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The Value of Water




Whether he is floating on it or figuring out a plan for a landowner to use it as a new revenue stream, Clay Landry is almost always thinking about water.


“It is my profession, and it’s my vocation and advocation,” Landy told American Farmland Owner from his office in Boise, Idaho.


Downtime for Landry means a chance to enjoy the water but also contemplate its best uses at a time when some agricultural producers question whether water will be there for them in the future.


“I spend a lot of time on the river fishing and floating. It’s a place I go to just sort of disconnect and recharge,” Landry said.


LEARN MORE: Find out additional information about Clay Landry’s experience in the water industry, including international projects and his work to establish the Montana Water Trust. Click here. 


Although, he may never truly disconnect from the water. Landry is the CEO, President, and a Principal of WestWater Research. His firm provides valuation and appraisal services for clients (e.g., government, Indian tribes, and private companies) on water acquisition and development projects.


Landry sees challenges and opportunities when he looks across the country’s water availability. No doubt there are areas with serious water challenges. But he wants to see more focus on opportunities to overcome challenges.


RELATED: Recent heavy rains improved drought conditions in some areas of the country, including parts of the Plains, Midwest, Oregon, and Montana. But drought worsened in portions of Florida and Washington. Overall, drought declined by 22% since April, according to the U.S. Drought Monitor provided by the National Integrated Drought Information System.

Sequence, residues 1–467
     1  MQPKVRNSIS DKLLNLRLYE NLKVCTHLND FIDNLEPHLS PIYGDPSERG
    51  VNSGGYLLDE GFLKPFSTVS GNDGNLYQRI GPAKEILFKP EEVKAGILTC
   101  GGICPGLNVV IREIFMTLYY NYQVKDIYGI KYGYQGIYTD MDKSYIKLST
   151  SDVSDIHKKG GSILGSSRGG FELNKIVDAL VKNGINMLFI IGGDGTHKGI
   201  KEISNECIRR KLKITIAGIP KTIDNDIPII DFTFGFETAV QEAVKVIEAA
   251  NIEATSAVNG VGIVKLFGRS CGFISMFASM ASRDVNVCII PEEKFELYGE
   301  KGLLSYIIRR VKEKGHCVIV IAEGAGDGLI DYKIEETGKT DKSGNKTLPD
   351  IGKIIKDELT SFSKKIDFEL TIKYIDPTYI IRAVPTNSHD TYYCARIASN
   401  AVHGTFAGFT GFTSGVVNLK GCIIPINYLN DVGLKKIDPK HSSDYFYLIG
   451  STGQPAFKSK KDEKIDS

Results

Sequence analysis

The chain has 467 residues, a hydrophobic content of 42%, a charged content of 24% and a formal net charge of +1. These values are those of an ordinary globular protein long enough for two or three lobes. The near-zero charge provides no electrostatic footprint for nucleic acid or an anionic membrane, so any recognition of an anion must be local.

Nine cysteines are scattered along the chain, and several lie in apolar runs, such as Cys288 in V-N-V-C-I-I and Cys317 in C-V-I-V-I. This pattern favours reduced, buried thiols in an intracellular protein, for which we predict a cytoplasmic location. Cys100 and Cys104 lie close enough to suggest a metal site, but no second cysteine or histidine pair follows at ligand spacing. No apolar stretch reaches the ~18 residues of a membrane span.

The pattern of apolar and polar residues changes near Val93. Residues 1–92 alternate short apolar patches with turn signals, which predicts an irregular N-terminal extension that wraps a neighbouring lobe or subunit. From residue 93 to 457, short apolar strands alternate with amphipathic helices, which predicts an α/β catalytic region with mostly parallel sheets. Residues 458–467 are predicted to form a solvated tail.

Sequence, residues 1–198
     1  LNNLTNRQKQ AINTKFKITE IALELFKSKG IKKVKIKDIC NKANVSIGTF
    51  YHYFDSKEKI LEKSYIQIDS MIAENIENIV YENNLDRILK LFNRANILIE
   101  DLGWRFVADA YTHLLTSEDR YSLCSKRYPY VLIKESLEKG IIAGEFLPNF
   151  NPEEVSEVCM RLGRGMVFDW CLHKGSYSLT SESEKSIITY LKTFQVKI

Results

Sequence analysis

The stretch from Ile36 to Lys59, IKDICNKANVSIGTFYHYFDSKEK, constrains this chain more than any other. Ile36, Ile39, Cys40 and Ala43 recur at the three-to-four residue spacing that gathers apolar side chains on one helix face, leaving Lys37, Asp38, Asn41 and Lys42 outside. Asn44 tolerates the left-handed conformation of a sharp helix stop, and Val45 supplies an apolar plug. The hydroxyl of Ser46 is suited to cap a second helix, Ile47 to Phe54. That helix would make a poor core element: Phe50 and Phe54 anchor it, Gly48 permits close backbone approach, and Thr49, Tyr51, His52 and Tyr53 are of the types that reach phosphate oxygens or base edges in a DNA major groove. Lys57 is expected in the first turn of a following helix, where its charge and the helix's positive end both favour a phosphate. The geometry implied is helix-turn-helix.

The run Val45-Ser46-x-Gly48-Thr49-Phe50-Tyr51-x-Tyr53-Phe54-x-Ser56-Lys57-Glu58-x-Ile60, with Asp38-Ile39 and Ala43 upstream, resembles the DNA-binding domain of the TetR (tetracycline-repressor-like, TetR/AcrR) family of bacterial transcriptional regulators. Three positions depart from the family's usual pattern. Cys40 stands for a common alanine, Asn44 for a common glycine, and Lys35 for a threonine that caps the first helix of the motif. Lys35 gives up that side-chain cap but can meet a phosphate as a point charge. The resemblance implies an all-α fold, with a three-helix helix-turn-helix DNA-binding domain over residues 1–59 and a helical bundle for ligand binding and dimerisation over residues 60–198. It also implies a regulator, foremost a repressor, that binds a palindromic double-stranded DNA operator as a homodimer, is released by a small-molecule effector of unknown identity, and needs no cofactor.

For landowners, he wants them to view water as a potential stream for new income. “There are few things in our life that water doesn’t touch,” he explains.


Landry works to lay out the potential for landowners who can find ways to minimize their water needs, so they can maximize their ability to sell supply elsewhere.


To do that, he must convince landowners to reimagine their farm. Where can they save water? How? Would their incomes be better served if they changed crop selection or rotation to free up available water to sell?


That isn’t always easy, especially for those who have run their operations a certain way for a long time. “There’s growing opportunity for farm owners and operators to monetize water off farm through various types of water leasing programs,” Landry said. “That can be pretty scary.”


Landry said that he understands reluctance to change. But he believes that showing owners, operators, and investors the possible guaranteed additional income can win over the skeptics.


RELATED: California Assembly James Gallagher explains the new statewide initiative for water use, why he disagrees with some if it, and how it impacts his family farm in this conversation for the American Farmland Owner podcast in November. 


“I get that. Change is challenging. Change is scary. But the economics are extremely compelling in terms of what that means for the farm,” Landry said.

 

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